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Self-Care is as Easy as Downloading an App

Image of . The DHA Connected Health Branch provides several tools that promote mental well-being and help develop self-care habits.

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Life may have an abundance of distractions for everyone. Add the unique situations that those in the military or medical field face and it can be overwhelming.

The phrase "self-care" – the act of taking time for oneself to do something they find enjoyable – has been introduced to the world, and people are starting to prioritize taking a moment for themselves to recharge.

"Every person, no matter what their age or occupation, deals with stress in some way," said Dr. Kelly Blasko, counseling psychologist and the lead for mobile health clinical integration team at the Defense Health Agency Connected Health Branch. "But for service members, physicians, military partners, and even military kids, to be alert and functioning to their highest ability, taking time to recharge is critical. Developing healthy mental health habits, like prioritizing self-care, should be as important as making sure you are getting enough rest and activity in your day."

The DHA Connected Health Branch provides several tools that promote mental well-being and help develop self-care habits.

Military Meditation Coach

There are 20 new episodes of the DHA's Military Meditation Coach podcast set to be released this year. Individuals can take a moment to recharge by listening to these episodes that will guide THEM through a relaxing meditation and breathing exercise. While this podcast was made for service members, all can benefit from this podcast.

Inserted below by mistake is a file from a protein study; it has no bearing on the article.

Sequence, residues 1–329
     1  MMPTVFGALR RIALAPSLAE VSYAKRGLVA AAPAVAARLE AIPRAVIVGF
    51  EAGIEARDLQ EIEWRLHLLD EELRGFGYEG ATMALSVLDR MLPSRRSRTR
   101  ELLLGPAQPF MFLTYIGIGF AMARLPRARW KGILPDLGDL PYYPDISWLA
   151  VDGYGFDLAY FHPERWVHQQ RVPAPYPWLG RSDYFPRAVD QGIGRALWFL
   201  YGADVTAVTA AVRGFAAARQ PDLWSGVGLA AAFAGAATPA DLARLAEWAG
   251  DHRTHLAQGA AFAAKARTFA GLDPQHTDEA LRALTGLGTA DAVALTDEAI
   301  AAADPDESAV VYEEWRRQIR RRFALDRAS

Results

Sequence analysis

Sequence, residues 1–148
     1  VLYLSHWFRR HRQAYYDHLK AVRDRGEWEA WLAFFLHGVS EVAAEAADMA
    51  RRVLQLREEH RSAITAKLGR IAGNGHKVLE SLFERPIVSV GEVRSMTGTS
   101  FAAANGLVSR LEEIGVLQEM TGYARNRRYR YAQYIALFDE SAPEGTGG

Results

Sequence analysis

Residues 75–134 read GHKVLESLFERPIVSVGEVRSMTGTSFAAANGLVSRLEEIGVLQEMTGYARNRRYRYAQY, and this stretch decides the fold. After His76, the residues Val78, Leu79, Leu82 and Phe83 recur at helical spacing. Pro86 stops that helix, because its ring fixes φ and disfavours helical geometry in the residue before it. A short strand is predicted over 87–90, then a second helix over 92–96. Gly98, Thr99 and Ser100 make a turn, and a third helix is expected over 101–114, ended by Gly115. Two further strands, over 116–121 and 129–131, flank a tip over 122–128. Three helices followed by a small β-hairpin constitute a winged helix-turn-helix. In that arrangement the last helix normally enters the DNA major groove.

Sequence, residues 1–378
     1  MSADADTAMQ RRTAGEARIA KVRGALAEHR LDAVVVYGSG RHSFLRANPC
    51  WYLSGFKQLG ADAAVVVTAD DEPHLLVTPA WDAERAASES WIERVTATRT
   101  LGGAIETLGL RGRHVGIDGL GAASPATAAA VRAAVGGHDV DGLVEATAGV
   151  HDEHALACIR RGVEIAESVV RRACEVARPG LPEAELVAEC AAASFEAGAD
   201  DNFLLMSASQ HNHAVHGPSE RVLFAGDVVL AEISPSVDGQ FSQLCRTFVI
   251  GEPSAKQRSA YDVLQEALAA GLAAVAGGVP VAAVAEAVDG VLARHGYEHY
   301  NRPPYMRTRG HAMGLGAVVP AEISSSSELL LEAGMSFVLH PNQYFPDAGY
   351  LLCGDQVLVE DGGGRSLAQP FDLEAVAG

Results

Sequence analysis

One listener said, "I love how this series includes a huge variety of meditations and other exercises … just what I needed!" While another listener said, as a chaplain in the Air Force, he recommends the podcast to those he counsels.

Breathe2Relax

For those stressful situations that just keep building over the day, individuals should remember to take a second to breathe. The Breathe2Relax mobile app provides breathing exercises that are documented to decrease the body's fight-or-flight stress response and help with mood stabilization, anger control, and anxiety management. For users who have a smartwatch, the app can link to the wrist device and track the heart rate when going through the breathing exercises.

One app user said, "I use this with elementary age kids to teach them a technique for dealing with stress and anxiety. They love it and it works fantastically in reducing their stress level."

Another user said, "My assigned [post-traumatic stress disorder] psychologist, at the [Department of Veteran Affairs], recommended me this app. I was very skeptical at first but wow. This app improved my quality of life just with simple breathing techniques. Just follow on screen guidance and audio directions. The app talks to you in a calming tone and takes you step by step through each breath."

While the app is a great tool for self-care and stress management, users have used it help manage conditions like night terrors, attention deficit hyperactivity disorder, blood pressure, and congestive heart failure.

Positive Activity Jackpot

For those looking for more of an active self-care routine, the Positive Activity Jackpot app may be the best tool. This mobile app helps users find nearby enjoyable activities, and will provide activity suggestions. If the user cannot decide on which fun thing to do, they can "pull the lever" and let the app's jackpot function make the choice for them. Self-care, doesn't just mean doing activities alone, the app will also suggest inviting other people to participate in the fun.

These tools were developed for the modern digital world. The apps are available for both iOS and Android mobile devices and at mobile.health.mil, and the Military Meditation Coach podcast.

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Last Updated: June 14, 2022
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